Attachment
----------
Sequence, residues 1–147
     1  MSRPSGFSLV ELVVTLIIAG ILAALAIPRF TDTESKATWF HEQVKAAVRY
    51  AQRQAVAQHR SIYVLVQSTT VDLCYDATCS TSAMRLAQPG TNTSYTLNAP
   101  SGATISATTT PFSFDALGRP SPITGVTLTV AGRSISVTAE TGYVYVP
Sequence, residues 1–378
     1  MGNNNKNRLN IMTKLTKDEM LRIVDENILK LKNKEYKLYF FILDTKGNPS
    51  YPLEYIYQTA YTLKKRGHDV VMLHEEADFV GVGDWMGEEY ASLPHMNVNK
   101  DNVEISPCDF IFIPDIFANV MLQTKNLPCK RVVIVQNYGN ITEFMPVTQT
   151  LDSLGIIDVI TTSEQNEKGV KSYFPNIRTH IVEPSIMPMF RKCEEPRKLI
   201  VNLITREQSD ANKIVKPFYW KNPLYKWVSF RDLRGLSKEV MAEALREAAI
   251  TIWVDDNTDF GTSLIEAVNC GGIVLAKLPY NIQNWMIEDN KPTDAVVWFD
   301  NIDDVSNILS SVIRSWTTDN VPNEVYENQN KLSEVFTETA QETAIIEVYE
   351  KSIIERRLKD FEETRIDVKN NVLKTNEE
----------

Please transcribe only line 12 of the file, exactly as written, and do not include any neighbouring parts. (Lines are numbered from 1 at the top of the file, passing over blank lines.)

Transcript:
   301  NIDDVSNILS SVIRSWTTDN VPNEVYENQN KLSEVFTETA QETAIIEVYE